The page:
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Economy Watch Thread

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2 hours ago, Rogue said:

In a more innovative approach, some lenders are hoping to reverse the flow of information that’s flooded from banks to financial technology ventures in recent years. Aggregators such as Plaid and Envestnet Inc.’s Yodlee have been collecting account data and providing it to apps that offer help with personal finances or investments. Now, banks are hoping to tap into that information to glean a more complete view of their own customers’ finances, such as their balances at other banks.

 

 

I assume that any such data would be provided in aggregate only (not identifiable by specific customer).  I have to imagine that any release of individual customer data by an aggregator such as Yodlee, etc. would be in violation of the customer agreement through which such data is collected on  behalf of a customer.

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21 hours ago, Krish said:

Instead of doing PPP to save the employees, gubernment should have paid off to employee directly, like more stimulus checks from printing fake money.

 

PPP is just adding another layer of bureaucracy, thus asking employers to keep the employers and pay them. Companies which did not PPP or not planning to layoff people are taking PPP, as its free money.

 

Direct stimulus to lower working class would help the economy rev up then giving to people who dont need. 

Except when this is finally over we want people on payrolls, working, not sitting at home unemployed waiting for the next check to appear in the mailbox.

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4 hours ago, Rogue said:

Nationwide, lenders are preparing to take a closer look at consumers who have arranged to delay payments, potentially pushing some out of the programs, as the industry tries to get a clearer picture of how many customers are truly unable to keep up during the coronavirus pandemic.

 

Banks are now examining millions of account holders to determine who is taking advantage of the programs. The efforts include trying to figure out which customers still have jobs by checking databases operated by major credit reporting firms.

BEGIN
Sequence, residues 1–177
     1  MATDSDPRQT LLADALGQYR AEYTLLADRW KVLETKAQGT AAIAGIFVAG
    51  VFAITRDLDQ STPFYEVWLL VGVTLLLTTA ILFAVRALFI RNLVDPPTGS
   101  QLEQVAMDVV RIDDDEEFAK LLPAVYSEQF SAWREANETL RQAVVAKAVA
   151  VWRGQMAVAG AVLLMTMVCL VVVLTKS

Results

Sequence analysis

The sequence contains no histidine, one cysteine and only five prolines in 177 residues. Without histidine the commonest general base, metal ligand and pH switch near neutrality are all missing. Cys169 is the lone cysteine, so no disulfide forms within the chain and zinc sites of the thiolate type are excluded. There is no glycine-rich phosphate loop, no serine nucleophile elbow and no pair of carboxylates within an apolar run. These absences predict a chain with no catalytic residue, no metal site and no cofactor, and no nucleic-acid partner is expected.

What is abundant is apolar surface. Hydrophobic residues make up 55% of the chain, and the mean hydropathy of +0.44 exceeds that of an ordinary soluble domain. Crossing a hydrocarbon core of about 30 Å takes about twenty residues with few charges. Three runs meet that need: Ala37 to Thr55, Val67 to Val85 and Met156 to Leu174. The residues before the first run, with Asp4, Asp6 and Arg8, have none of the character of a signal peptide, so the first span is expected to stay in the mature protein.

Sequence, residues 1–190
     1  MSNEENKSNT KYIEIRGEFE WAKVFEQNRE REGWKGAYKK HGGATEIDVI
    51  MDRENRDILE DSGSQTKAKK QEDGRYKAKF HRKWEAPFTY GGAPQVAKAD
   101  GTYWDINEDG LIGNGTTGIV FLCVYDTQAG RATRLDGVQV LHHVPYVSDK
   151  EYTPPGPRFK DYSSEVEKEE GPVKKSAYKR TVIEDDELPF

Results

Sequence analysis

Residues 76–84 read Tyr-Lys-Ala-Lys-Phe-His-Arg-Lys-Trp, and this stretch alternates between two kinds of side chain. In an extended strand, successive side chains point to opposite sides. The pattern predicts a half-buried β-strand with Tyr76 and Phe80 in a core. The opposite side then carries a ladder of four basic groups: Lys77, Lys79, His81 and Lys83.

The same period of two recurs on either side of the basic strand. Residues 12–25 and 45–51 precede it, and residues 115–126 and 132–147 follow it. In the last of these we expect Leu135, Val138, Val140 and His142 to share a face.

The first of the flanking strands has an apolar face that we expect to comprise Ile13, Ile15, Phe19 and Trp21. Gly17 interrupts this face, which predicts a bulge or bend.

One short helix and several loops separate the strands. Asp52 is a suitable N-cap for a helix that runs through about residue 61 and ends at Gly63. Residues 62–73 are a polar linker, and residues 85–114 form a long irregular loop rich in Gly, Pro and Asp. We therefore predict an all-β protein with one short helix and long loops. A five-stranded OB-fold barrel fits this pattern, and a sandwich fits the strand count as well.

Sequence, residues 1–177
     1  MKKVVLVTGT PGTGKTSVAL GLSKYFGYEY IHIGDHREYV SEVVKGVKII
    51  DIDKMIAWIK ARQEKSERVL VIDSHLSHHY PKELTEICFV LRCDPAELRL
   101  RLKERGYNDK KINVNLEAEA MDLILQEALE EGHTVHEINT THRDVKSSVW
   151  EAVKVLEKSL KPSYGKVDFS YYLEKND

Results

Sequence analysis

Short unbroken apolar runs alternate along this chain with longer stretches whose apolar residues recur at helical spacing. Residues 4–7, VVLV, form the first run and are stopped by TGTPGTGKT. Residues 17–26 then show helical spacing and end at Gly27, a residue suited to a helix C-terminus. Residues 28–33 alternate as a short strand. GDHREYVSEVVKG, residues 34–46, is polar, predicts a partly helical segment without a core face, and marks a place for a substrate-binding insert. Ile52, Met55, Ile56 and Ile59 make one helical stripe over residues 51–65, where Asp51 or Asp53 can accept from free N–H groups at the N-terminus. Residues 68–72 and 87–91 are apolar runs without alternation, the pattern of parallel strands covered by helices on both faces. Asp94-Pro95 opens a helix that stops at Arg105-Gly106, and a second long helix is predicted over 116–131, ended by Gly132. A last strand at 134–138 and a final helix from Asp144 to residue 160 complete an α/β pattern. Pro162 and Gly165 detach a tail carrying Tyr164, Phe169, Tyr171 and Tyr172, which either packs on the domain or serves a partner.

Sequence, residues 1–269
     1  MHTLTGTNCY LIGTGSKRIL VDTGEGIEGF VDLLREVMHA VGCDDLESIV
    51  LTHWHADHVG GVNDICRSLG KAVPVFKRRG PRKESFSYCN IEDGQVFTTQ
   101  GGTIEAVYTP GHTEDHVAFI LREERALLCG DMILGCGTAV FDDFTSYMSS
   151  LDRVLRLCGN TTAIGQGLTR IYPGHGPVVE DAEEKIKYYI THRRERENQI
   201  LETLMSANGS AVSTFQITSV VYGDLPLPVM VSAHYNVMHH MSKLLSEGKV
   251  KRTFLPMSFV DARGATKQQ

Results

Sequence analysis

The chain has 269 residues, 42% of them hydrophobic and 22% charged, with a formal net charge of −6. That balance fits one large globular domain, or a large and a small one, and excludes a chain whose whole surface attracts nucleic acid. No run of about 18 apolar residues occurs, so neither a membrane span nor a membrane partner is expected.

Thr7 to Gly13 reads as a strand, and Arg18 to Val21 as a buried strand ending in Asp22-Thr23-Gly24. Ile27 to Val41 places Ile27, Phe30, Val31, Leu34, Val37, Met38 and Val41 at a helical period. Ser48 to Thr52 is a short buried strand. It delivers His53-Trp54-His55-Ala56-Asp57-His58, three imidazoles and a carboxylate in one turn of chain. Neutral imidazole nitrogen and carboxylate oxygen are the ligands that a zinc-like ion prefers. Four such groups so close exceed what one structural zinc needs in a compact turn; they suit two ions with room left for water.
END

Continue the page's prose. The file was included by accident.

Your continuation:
In a more innovative approach, some lenders are hoping to reverse the flow of information that’s flooded from banks to financial technology ventures in recent years. Aggregators such as Plaid and Envestnet Inc.’s Yodlee have been collecting account data and providing it to apps that offer help with personal finances or investments. Now, banks are hoping to tap into that information to glean a more complete view of their own customers’ finances, such as their balances at other banks.

 

yup... asking for a payment or other accommodation is a signal for the lender about the future intentions of the consumer.

 

and I've always assumed aggregators have been selling my data.

 

welcome to the new normal :(

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1 hour ago, hegemony said:

yup... asking for a payment or other accommodation is a signal for the lender about the future intentions of the consumer.

 

and I've always assumed aggregators have been selling my data.

 

welcome to the new normal :(

 

Just to expand, I'd be very disinclined to take advantage of a deferment offer, unless it truly eased my current financial picture.  I don't want to suggest that the related credit account notation is a "scarlet letter", but I would expect my other credit account relationships to sit up and take notice.  (Can you imagine asking for a CLI on an unrelated credit card while such a notation was active on your report?)

 

As far as the selling of aggregator data, while it's reasonable to anticipate that publicly available data on you might be collected and resold, I hope you're not saying that detailed account level data (such as monthly payment performance history or asset balances, which are generally privacy protected to varying degrees) is the data you're referring to.